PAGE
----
A BATTING WITH BIMAL BREAKING REPORT: My struggles helped me become a better player, says Ricky Ponting

Ponting is focusing on scoring some runs in the second Test at Adelaide

Former Australia captain Ricky Ponting has admitted that his struggles in the past year have made him into a better player ahead of the second Test against South Africa at Adelaide.

Last year, at the age of 36, Ponting was in the worst form of his international career and calls for his retirement were coming in left and right since he had failed to score a Test century in almost two years.

At this point, many pundits believed Ponting was going to hang up the boots and call it a day since many batsmen in their late thirties fail to break out of the kind of batting slump he was experiencing.

No matter how hard he tried, Ponting seemed to be getting nowhere and it looked a certain possibility that he was not going to be included in the squad for the current series against South Africa.

To add to his troubles, Ponting had to alter a technical flaw in his batting after he continuously shuffled across his stumps and was given out lbw to both Vernon Philander and Dale Steyn in Australia’s tour of South Africa in November last year.

“It was technical. You don’t go from playing the way I was playing to getting hit on the pad as often as I was without something being wrong, the frustrating thing for me through that period was that I identified it really early in the series and I was training really hard and trying to rectify it and still getting out the same way. It just took a long time to break the habit that I was in and the cycle I was in. I’m doing things a little bit differently at training now, with the way that I train and prepare. Some of the drills that I’m working on have made me feel a lot better balanced at the crease and certainly not getting hit on the pad as much as I was 12 months ago. My pre-ball movements were a little bit earlier than what they normally were. I was trying to move early to give myself a little bit more time but it was actually having a detrimental effect. I was actually moving too early and locking off and not being able to move again after that,” Ponting said.

However, during the home series against India in December to January, Ponting found his touch once again and was unstoppable, scoring 62, 60, 134, 7, 221 and 60 not out as Australia went on to whitewash the Indians 4-0.

Having found his form once again, Ponting has tried not to revisit the bad memories of last year’s tour to South Africa.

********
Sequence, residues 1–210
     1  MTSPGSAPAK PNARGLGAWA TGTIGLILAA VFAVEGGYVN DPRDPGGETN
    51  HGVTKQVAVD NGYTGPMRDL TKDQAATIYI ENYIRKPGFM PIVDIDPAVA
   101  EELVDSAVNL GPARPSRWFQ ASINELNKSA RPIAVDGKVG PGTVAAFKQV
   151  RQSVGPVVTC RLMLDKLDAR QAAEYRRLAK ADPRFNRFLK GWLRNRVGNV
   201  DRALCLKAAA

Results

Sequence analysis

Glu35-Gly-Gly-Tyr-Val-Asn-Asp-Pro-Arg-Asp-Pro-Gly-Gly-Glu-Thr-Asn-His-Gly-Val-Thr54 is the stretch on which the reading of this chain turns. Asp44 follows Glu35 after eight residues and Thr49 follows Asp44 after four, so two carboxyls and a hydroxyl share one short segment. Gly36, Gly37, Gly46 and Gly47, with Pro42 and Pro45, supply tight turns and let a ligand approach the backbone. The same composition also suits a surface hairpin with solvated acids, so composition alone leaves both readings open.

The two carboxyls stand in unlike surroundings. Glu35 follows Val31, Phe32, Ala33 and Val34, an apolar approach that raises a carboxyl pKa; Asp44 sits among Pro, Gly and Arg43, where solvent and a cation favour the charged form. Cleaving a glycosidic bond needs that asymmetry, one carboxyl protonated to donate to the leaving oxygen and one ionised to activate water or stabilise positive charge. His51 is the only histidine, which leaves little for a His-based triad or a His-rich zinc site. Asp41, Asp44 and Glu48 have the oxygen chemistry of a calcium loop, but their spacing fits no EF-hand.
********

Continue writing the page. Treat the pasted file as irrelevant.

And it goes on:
“There’s no doubt it was a lowlight, I was training really hard and not getting the results I was after. At that stage where I was batting we needed to be getting results if the team was going to win games. Whenever you fail it’s not just about you, it’s about feeling like you’ve let your team-mates and your mates down. It was a low moment. I batted my way back in the second innings of that last Test match over there and then started the series well here against New Zealand and things turned around in the summer. Pretty much from the end of that series in South Africa until now I’ve been a pretty consistent run scorer in all the games I’ve played. Some of the things I’m working on are starting to pay dividends,” Ponting added.

Having finished the first Test at Brisbane with a duck against his name, Ponting knows that he cannot let that form of the past start creeping back once again.

With the second Test at Adelaide set to begin on November 22, Ponting will be practising and preparing a game plan on how to counter-attack South Africa’s pace trio of Dale Steyn, Vernon Philander and Morne Morkel.

“We know the ball swings around a little bit up here. All of our batsmen have played enough here to know how to combat it, they’re all good bowlers and their records speak for themselves, especially over the last couple of years. Philander burst onto the scene last year. We’ve played a lot against Morkel over the years and had a reasonable record against him, us as a team, and Steyn is one of the best bowlers of the last four or five years. The thing about their attack is they’re all different bowlers. They’re all slightly different and that makes a good attack. There’s not much opportunity for our batsmen to relax but that’s what Test cricket is all about,” Ponting said.

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